from time import sleep

import clr


from System import Enum
from System import Array
from System import Byte
from System import UInt32
from System import UInt16
from System import Boolean

from telos.I2cApi.DotNet import Board
from telos.I2cApi.DotNet import BoardType
from telos.I2cApi.DotNet import NegativeTester
from telos.I2cApi.DotNet import NegativeTesterMaster
from telos.I2cApi.DotNet import TracerMessageList
from telos.I2cApi.DotNet import TracerMessageType
from telos.I2cApi.DotNet import TracerMessageDataConfirmation
from telos.I2cApi.DotNet import I2cAddress

Preparing the Testsequence

In the next step, the testsequence is going to be defined. In this example, the sequence shall consist of a number of TX messages that are sent to a slave. All messages shall contain the same payload: 10 bytes with increasing values from 0 to 9. Next, the objects representing the addresses and the payloads are created:
i2c_address_1 = I2cAddress(UInt16(0x50), False)

message_data_raw = list(map(lambda value: value & 0x00FF, range(10)))
message_data_array = Array[Byte](message_data_raw)
Now, everything is prepared to create the master testsequence. Such a sequence is contained by a dedicated NegativeTesterMaster object:
nt_sequence = NegativeTesterMaster()
It is often desired to repeat a certain testsequence for a number of times. This repetition can be accomplished by setting a loop counter. The follwing line will cause the Negative Tester to perform the sequence 5 times:
nt_sequence.LoopCount = 5
In this example, a given message should be repeatedly sent using different bit rates. The class NegativeTesterMaster provides a property Bitrate that defines the bitrate which shall be applied to the message that follows.
A TX-message is added to the sequence by calling the method SendTransmitter(). So, the folling instructions tell the Negative Tester to send three messages with the same payload to the same slave but at different bitrates (100kHz, 400kHz and 300kHz):
nt_sequence.Bitrate = UInt32(100000)
nt_sequence.SendTransmitter (i2c_address_1, message_data_array)

nt_sequence.Bitrate = UInt32(400000)
nt_sequence.SendTransmitter (i2c_address_1, message_data_array)

nt_sequence.Bitrate = UInt32(300000)
nt_sequence.SendTransmitter (i2c_address_1, message_data_array)

Connecting to the I2C boards

Since the Negative Tester is only responsible for the generation of testsequences, a tracer is also required in order to sample the results. So, the following script needs to access to boards.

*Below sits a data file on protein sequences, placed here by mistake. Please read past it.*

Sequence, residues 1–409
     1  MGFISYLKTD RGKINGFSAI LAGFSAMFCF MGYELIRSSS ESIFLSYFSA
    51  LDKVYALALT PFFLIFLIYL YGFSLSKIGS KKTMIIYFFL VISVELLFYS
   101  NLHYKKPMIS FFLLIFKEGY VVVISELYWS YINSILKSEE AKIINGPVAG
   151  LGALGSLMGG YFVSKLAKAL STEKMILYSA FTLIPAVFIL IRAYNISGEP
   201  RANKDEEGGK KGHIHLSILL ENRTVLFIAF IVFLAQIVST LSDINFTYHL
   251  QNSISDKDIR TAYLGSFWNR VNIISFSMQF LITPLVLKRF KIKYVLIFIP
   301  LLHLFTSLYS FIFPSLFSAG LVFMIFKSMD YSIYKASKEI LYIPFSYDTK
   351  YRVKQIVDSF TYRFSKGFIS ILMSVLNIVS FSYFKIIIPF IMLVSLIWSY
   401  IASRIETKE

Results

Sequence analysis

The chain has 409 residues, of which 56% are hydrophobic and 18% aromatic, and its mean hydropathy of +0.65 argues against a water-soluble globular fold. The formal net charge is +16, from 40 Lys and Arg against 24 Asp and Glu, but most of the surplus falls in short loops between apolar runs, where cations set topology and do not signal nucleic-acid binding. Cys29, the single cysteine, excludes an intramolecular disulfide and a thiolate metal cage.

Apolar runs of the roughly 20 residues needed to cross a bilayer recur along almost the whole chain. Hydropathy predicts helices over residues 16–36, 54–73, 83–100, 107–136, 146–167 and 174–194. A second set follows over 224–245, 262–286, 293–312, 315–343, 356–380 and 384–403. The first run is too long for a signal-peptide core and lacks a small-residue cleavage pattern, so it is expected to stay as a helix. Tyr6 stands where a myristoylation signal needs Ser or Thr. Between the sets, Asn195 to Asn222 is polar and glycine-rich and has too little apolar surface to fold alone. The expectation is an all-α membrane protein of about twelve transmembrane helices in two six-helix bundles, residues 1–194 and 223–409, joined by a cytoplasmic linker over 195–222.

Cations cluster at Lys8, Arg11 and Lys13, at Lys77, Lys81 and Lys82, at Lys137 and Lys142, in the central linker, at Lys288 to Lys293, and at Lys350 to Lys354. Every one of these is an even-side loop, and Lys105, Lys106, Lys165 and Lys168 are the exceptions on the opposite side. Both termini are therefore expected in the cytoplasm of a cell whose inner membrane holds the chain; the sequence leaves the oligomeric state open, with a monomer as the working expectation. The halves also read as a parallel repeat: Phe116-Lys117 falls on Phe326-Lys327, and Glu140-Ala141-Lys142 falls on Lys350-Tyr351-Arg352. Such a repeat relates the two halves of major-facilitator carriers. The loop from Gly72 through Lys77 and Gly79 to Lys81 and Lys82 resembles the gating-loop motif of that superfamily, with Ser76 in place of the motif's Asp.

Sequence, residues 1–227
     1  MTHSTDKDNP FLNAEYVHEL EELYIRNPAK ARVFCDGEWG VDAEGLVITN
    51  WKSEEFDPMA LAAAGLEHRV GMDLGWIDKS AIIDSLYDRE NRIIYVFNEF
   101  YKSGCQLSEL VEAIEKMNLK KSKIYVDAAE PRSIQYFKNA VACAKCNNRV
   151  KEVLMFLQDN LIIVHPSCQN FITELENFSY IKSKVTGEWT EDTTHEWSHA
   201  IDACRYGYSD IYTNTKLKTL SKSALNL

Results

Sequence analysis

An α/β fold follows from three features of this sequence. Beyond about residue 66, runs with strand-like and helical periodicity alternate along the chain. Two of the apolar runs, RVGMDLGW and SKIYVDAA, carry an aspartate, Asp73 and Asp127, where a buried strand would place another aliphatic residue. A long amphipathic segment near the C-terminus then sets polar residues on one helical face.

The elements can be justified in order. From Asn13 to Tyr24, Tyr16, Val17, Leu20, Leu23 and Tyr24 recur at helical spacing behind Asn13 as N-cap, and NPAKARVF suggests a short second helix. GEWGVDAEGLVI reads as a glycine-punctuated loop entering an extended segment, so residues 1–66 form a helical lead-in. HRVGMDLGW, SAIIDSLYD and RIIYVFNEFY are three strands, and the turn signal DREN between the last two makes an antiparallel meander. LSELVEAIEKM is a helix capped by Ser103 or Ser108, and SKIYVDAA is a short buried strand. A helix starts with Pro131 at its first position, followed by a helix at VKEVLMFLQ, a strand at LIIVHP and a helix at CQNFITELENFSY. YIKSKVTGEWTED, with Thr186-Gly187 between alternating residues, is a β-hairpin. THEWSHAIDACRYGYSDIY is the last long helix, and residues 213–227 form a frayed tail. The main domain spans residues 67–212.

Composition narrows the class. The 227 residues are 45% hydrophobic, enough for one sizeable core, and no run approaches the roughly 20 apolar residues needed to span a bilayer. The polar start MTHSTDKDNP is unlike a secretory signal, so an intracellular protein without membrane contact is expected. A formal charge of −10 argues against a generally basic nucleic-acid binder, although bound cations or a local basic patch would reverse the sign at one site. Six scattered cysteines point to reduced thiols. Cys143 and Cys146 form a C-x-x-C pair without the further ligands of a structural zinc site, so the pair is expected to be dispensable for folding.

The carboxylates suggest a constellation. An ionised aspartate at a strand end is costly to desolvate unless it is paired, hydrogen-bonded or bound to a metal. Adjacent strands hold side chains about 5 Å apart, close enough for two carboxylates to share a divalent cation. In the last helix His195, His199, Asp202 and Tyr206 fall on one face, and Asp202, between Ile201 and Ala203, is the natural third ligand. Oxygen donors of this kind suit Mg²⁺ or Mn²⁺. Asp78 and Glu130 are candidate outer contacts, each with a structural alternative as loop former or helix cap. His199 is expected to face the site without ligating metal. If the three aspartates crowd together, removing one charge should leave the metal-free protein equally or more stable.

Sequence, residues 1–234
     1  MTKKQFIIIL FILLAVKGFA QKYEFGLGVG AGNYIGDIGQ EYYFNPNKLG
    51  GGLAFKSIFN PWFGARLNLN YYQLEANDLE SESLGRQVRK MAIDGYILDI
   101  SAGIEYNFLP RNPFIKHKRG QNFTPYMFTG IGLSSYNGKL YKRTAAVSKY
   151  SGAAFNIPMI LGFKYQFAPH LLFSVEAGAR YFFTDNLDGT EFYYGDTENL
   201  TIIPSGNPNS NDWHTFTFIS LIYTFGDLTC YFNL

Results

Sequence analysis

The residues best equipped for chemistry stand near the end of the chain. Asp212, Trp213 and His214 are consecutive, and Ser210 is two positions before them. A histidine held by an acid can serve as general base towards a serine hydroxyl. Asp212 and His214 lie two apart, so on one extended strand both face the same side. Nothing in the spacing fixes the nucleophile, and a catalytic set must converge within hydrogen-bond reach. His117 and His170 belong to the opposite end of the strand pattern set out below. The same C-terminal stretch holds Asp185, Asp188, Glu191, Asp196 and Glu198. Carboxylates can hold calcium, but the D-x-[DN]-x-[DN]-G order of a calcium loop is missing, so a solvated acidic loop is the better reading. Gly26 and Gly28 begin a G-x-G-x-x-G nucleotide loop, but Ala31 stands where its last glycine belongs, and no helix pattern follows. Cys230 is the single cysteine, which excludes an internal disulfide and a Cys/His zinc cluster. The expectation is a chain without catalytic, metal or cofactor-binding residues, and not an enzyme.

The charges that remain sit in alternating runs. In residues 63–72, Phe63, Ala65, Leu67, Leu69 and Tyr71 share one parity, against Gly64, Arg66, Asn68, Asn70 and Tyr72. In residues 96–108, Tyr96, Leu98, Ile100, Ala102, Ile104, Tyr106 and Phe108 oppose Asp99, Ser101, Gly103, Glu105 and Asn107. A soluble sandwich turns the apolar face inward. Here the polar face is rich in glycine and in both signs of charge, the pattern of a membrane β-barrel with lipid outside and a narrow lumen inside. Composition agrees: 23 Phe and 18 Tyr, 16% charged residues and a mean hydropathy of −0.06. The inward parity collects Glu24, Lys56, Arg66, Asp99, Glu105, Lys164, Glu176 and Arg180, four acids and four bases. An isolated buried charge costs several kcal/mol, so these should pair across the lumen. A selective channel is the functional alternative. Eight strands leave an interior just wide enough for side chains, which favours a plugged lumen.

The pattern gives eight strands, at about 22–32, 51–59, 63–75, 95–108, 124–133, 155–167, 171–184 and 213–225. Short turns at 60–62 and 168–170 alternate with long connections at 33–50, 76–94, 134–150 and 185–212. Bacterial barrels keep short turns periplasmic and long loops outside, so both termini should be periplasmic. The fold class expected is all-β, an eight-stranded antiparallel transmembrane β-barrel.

board_tracer = Board()
board_negative_tester = Board()
pysical_devices = list(filter(lambda hardware: not Enum.GetName(BoardType, hardware.BoardType) == "DUMMY", board_tracer.ListOfBoards))
negative_testers = list(filter(lambda hardware: hardware.NegativeTester, pysical_devices))
tracers = list(filter(lambda hardware: hardware.Tracer, pysical_devices))

Running the Test

This example can be executed with a Negative Tester directly connected to a Tracer. In that case, the software slave should be enabled via I2C Studio. In such a setup, either the Negative Tester or the Tracer has to provide the power supply for the I2C bus. The example choses the Negative Tester as source:
board_tracer.I2cVccSupply = 0
board_negative_tester.I2cVccSupply = 3300
Its time to start the Tracer:
trace = TracerMessageList()
board_tracer.Tracer.TracerMsgList = trace
board_tracer.Tracer.Enabled = True
When the Tracer is running (and waiting for traffic), the Negative Tester should be started and the script shall wait until it has performed the defined sequences:
while negative_tester.IsRunning:
At this point of time, the messages have been transferred and the traced messages have to be captured:
nt_sequence_total = 0
message_count = board_tracer.Tracer.ReceiveMessages()
nt_sequence_total = nt_sequence_total + message_count
while message_count > 0:
	message_count = board_tracer.Tracer.ReceiveMessages()
	nt_sequence_total = nt_sequence_total + message_count

Evaluating the Results

As soon as the tracer message list contains the results, its time to evaluate them. In this simple example, the script only prints the messages to the console:
start_timestamp = trace[0].Timestamp
for message in trace:
    line = str(message.Timestamp - start_timestamp).rjust(15)
    line += ": "
    enum_name_message_type = Enum.GetName(TracerMessageType, message.Type)
    line += enum_name_message_type.replace("MSG_FRAME_","").ljust(8)
    if "MSG_FRAME_DATA" == Enum.GetName(TracerMessageType, message.Type):
        enum_name_confirmation_type = Enum.GetName(TracerMessageDataConfirmation, message.Data.Confirmation)
        line += enum_name_confirmation_type.replace("DATA_CONFIRMATION_", "").ljust(6)
        line += '0x{:02x}'.format(message.Data.Data).upper().rjust(3)

Finally doing Cleanup

As a very last step, the two boards have to be disposed: